CSS Tips: Box Shadows, Insets and Single Sided

Have you ever wanted to create a framed section of your website with a highlighted shadow style border, but didn’t know how? Well, using one of CSS 3’s great features called “box shadow” you can!



.boxshadow {
box-shadow: 6px 6px 5px 5px #cccccc;
-moz-box-shadow: 6px 6px 5px 5px #cccccc;
-webkit-box-shadow:6px 6px 5px 5px #cccccc;

Browser Compatibility:

You will notice that I include 3 different forms of box-shadow code in my CSS. This is to ensure full browser compatibility among the Firefox, Opera, Safari and Chrome browsers. Internet Explorer requires extra code, which I will mention a little further down.

Explaining The CSS:

There are 5 parts to the Box Shadow code:

  1. Horizontal Offset (ie. 2px). This is the number that will tell the browser where to display the horizontal shadow. A positive number will move the shadow to the right and a negative will move the shadow to the left.
  2. Vertical Offset (ie. 2px). Similar to the horizontal offset, this moves the shadow up or down. A positive figure will move the shadow below the box and a negative number moves the shadow above the box.
  3. Blur Radius (ie. 5px). This allows you to “blue” the shadow to give it more or less detail. Note: this is optional.
  4. Spread Radius / Size (ie. 5px). This displays how large your box shadow is displayed. 0 is used by default. Note: this is optional.
  5. Color. Using different color codes you can specify how your shadow looks.

Insets and Single Sides:

In addition to regular shadow effects, you can use the “inset” feature to add the shadow inside the box instead of outside. The remaining properties remain the same (ie. horizontal, vertical, blur etc).


.insetboxshadow {
box-shadow: inset 0 0 8px #000000;
-moz-box-shadow: inset 0 0 8px #000000;
-webkit-box-shadow: inset 0 0 8px #000000;

From time to time you may also wish to only display a shadow on 1 side of a box. This is done by giving the spread/size a negative number (ie. negative spread radius) which will result in your shadow only being displayed on a single side of the box. Play around with this to see how it looks.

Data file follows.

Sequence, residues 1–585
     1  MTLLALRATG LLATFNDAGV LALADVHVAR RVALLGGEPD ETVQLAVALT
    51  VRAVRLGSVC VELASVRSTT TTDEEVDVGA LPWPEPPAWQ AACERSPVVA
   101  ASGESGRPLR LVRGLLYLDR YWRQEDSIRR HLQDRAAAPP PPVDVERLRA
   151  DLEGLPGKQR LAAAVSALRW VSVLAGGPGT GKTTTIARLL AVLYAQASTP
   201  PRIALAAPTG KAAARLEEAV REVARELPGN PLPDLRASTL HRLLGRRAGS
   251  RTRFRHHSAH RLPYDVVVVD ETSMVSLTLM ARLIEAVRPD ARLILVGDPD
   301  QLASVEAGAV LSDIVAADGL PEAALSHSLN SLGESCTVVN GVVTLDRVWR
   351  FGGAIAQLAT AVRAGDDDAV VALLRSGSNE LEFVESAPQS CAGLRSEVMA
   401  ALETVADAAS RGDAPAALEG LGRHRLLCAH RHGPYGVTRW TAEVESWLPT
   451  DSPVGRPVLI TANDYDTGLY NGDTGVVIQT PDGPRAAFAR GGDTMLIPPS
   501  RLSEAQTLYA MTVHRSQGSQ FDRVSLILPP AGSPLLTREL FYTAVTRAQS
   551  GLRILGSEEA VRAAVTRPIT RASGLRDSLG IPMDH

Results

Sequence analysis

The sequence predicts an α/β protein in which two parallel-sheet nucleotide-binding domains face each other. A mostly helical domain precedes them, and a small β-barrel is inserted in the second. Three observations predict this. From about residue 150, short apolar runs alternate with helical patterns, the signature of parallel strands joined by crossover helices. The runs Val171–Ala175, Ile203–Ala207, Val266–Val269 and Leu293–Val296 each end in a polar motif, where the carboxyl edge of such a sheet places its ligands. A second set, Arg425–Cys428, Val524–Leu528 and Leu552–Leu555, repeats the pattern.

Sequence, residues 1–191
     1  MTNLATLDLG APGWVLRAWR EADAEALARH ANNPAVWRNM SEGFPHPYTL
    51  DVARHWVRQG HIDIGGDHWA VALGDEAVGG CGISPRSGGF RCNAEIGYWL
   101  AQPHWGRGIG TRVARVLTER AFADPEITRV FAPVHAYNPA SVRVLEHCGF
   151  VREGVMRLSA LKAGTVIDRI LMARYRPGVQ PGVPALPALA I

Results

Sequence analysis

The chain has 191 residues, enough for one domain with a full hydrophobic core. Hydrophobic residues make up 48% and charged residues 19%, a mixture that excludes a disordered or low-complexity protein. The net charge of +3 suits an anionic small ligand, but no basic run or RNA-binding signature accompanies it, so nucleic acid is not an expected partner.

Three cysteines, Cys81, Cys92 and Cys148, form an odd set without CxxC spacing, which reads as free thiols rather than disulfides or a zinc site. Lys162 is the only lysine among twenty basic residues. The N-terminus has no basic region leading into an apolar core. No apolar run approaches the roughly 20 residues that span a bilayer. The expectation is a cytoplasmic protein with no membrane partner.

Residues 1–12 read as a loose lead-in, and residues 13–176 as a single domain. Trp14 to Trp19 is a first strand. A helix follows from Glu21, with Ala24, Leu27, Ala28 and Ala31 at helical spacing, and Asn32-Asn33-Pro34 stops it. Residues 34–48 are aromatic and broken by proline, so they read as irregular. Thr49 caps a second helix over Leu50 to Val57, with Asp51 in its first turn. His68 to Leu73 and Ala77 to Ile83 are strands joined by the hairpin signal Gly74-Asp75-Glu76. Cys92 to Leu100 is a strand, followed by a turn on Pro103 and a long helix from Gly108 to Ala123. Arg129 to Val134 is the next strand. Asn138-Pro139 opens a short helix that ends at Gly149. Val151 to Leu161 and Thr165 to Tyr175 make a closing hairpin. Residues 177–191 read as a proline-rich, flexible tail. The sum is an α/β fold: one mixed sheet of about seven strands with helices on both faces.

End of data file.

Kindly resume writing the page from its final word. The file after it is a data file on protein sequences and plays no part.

1 Sided

.1sideboxshadow {
box-shadow: 0px 8px 8px -8px #000000;
-moz-box-shadow: 0px 8px 8px -8px #000000;
-webkit-box-shadow: 0px 8px 8px -8px #000000;

Internet Explorer Additional CSS:

As with most things IE, they don’t recogise standard HTML out of the box, so you need to add a little extra code to make the magic happen. In this case we need to include a second CSS Div Class. A big thanks to css-tricks.com for helping me with this particular bit of code.

.ieshadow {
margin: 40px;
background-color: rgb(255,255,255); /* Required by IE. RGB 255 = White */
box-shadow: 2px 2px 5px 5px rgba(255,255,255,0.6);
-moz-box-shadow: 2px 2px 5px 5px rgba(255,255,255,0.6);
-webkit-box-shadow: 2px 2px 5px 5px rgba(255,255,255,0.6);
filter: progid:DXImageTransform.Microsoft.Blur(PixelRadius=3,MakeShadow=true,
-ms-filter: “progid:DXImageTransform.Microsoft.Blur(PixelRadius=3,
zoom: 1;

.ieshadow .iecontent {
position: relative; /* This ensures the inner section is not blurred */
padding: 100px;
background-color: #ffffff;

Blue Shadow

The HTML code would therefore look like:

<div class=”ieshadow”>
<div class=”iecontent”>

As with most things, trial and error will often get you the best results. If at first you’re not happy with the shadow of your divs, edit the css and try new settings.

Helpful Resources:

Css-tricks.com – Box Shadows
CSS Secrets Squidoo Lens

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